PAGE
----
Chapter 7.5 Meditation


 “And finally there is an intense delight in abandoning faulty states of mind and in cultivating helpful ones in meditation.”
Dalai Lama     Leader of Tibetan Buddhists

Now I’m not a regular practitioner of meditation as of this writing. I have no doubt that it is good for the body, and good for the mind, and probably good for the soul.  It forces the person to take a timeout and re-center their energy. 

“Meditation is therefore the art of suspending verbal and symbolic thinking for a time, somewhat as a courteous audience will stop talking when a concert begins.”
Alan Watts (1915-1973)      American writer

Deep, rhythmic breathing is any easy way to relax and calm down.  I think in many ways, the early enticement of cigarettes has a foundation in this deep breathing … taking a break for a smoke to slow down. (Breaks are something workers used to get.)  Of course, these smokes aren’t very good for your body or your future. 

For those of you who used to smoke (and kind of miss it), you can learn how to deep-breathe by pretending that you are smoking (pot smokers can hop on here too. (S-K))  Just put your fingers to your mouth with a fake cigarette (in public, you may have to sneak this action), and inhale … deeply.  Then blow it all out over a long even period of time.  Continue doing this a couple of times … resist the urge to blow smoke rings.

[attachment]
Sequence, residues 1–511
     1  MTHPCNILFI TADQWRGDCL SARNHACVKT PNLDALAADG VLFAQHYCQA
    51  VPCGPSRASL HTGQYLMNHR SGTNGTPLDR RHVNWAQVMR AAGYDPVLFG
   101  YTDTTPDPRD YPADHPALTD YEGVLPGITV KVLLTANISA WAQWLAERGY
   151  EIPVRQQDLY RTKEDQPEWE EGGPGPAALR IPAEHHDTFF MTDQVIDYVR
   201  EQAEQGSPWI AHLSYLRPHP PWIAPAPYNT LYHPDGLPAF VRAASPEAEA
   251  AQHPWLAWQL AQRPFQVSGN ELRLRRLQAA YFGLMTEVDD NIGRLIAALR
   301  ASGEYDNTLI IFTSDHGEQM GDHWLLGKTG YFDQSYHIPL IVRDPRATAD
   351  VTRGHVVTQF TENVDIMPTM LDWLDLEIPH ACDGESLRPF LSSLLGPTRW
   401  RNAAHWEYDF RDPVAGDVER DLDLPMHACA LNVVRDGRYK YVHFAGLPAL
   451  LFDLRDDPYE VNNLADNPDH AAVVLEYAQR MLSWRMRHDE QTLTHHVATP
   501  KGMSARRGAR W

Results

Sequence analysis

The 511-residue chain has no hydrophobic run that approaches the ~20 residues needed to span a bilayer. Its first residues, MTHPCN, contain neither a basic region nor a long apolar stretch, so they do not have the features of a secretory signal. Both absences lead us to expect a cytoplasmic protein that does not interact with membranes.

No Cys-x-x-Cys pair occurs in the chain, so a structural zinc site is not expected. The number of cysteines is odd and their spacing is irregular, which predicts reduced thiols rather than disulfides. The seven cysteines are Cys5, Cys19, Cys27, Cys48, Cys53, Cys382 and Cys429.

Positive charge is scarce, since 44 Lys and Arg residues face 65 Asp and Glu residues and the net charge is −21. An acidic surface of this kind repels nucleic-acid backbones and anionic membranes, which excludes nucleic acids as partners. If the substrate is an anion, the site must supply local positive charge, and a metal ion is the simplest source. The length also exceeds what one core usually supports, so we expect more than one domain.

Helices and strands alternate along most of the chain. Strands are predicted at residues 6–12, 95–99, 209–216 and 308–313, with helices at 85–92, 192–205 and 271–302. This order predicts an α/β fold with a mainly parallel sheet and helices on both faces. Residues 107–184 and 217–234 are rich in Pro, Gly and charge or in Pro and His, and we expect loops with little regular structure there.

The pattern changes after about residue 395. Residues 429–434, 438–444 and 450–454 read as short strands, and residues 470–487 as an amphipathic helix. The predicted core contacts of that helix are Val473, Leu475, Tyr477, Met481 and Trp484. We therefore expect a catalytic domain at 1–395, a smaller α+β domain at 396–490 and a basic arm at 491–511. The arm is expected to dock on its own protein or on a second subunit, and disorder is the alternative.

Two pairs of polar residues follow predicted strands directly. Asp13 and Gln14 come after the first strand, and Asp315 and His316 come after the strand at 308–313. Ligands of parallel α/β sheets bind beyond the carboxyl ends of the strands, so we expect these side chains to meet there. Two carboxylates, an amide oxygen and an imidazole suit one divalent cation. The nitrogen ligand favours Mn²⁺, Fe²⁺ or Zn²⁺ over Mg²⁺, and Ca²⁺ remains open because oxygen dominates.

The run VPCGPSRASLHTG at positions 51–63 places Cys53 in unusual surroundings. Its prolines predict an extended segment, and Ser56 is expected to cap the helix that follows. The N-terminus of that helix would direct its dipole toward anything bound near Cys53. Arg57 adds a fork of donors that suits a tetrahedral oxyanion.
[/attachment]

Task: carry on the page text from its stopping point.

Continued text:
In his book, Don’t Sweat the Small Stuff, Richard Carlson describes a short method of meditation also:

“When you feel yourself getting angry, take a deep, long inhalation, and as you do say the number one to yourself.  Then relax your entire body as you breathe out.  Repeat the process for the number two, all of the way up to at least ten.”

He goes on to explain that the combination of breathing and counting will diffuse your anger.  (Either that will happen or you will pass out cold from hyperventilation.)

One type of meditation technique uses the visualization of a beam of light filling your body with restorative energy.  It comes through the top of your head (which just so happens to be the seventh chakra) and you visualize it flowing slowly all the way to your toes, energizing and healing each part of your body.

Although formal meditation is probably the best method of regrouping and rebalancing, those of us who have yet to add this practice to our daily lives can still access this restorative energy in small doses. 

Take a few short seconds right now and stare at (or imagine) something and recognize its beauty.  Relax your facial muscles and just admire it.  Focus on it.  Do you get a feeling of peacefulness, of goodness?  You’re taking in a short gasp of new positive energy.  It’s always there just waiting for us to recognize it and to stop resisting it.

“I try to experience that feeling of closeness, the feeling that no matter how far away something is, that I can touch it, connect with it.  And then I breathe it in.”
The Celestine Prophecy     James Redfield